The blessing and the curse of journalism

Foto: Sanja Gornjec

Anamarija Lukovac

In an environment where everyone is expecting young people to build courage and seek employment abroad, us students find ourselves lost between our desires, opportunities and skills we possess. It is fairly easy for an architect, a scientist or a business bachelor to find a job outside the boundaries of their own country, because the skills they gathered at home universities are not much different from those foreign employers require of them. But what if you majored in journalism?

Journalism is a craft that uses language as its tools. It involves a close embrace with the linguistic medium of its transactions and its output. Journalists use refined language skills to gather information and convert that information into a marketable product. A journalist’s worth is as big as the language skills they retain. Fact. Working as a journalist means functioning in a language as well as just producing written examples of that language. Apart from producing journalistic texts, it means going out into various official and public contexts – news conferences, law courts, legislatures, opening ceremonies, etc. – and listening and asking questions in the specific language discourse in those contexts.

A big majority of journalism students at Faculty of Social Science in Ljubljana have a very sufficient knowledge of Slovenian language. But can we say the same when it comes to other languages? We are evidently limited by our mother tongue. It is certain that our communication in Slovenian language is by far better than how we express ourselves in English or any other language for that matter. As well as it is undeniable that the language of a native speaking journalist will always be much more flexible, vivid, complex and rich than ours by default. We could call it a curse of journalism. The general journalistic freedom and the advantage of being able to move around the world, work from home, or be a modern day working nomad, are not infinite. We are often heavily restricted by the limits of the language. Of course we are not willing to put our dreams aside or settle for something we do not crave. Working for foreign broadcasters, publishers or any other firm is as much our right as it is a right of any other profession. So how do we get there? How do we demolish the obstacles that have been built by cultural differences, obstacles such as language? How do we jump over the precipice between the requirements of foreign employers and the competence we receive from our academic system? The gap that is not getting any smaller.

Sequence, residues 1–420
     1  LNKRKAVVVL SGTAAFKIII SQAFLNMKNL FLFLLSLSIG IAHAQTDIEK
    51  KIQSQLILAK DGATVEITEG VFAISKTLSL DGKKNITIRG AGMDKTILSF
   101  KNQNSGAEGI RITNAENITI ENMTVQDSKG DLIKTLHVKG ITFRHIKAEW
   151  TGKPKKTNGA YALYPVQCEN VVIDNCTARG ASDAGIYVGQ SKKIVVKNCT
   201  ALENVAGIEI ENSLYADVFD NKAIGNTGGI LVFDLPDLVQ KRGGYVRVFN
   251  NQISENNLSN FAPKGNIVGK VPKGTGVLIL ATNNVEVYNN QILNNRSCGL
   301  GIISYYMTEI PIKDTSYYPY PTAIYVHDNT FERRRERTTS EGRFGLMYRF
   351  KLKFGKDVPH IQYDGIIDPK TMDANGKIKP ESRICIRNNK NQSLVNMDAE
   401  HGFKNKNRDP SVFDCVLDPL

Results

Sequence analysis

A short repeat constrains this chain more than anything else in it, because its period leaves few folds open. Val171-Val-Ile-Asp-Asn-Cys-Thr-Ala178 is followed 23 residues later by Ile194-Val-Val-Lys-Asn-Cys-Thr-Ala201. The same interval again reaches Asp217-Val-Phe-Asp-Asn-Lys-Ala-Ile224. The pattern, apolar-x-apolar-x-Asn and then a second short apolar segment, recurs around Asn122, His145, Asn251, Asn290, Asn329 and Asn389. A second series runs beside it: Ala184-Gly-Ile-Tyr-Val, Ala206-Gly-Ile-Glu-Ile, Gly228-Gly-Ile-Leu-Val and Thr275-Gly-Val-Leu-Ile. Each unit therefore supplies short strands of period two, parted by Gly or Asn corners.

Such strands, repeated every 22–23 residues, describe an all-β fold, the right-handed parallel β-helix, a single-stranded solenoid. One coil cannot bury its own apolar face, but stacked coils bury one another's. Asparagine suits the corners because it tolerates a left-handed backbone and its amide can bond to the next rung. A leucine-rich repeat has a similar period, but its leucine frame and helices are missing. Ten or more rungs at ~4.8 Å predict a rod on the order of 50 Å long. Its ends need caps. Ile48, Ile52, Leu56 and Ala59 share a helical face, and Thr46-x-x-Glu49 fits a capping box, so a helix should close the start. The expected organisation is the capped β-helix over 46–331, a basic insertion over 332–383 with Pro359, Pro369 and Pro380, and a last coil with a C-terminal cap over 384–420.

Employment seekers need to have an additional value, such as foreign languages.

It seems odd and retrogressive to think students at a university in a certain country are planning to only look for work in the same country. It also seems very unintelligent, foolish and irresponsible of a department not to give its students full international competence. We live in a year 2015, 130.000 years after the modern man thought to himself: »Hmm, I am going to move abroad,« and left the heart of Africa. So yes, it is normal to plan our future outside Slovenia. It is not ambitious, it is not special, it is just normal human behavior. It is an act that sometimes seems like the only reasonable one in today’s society and in the current conditions on the job market.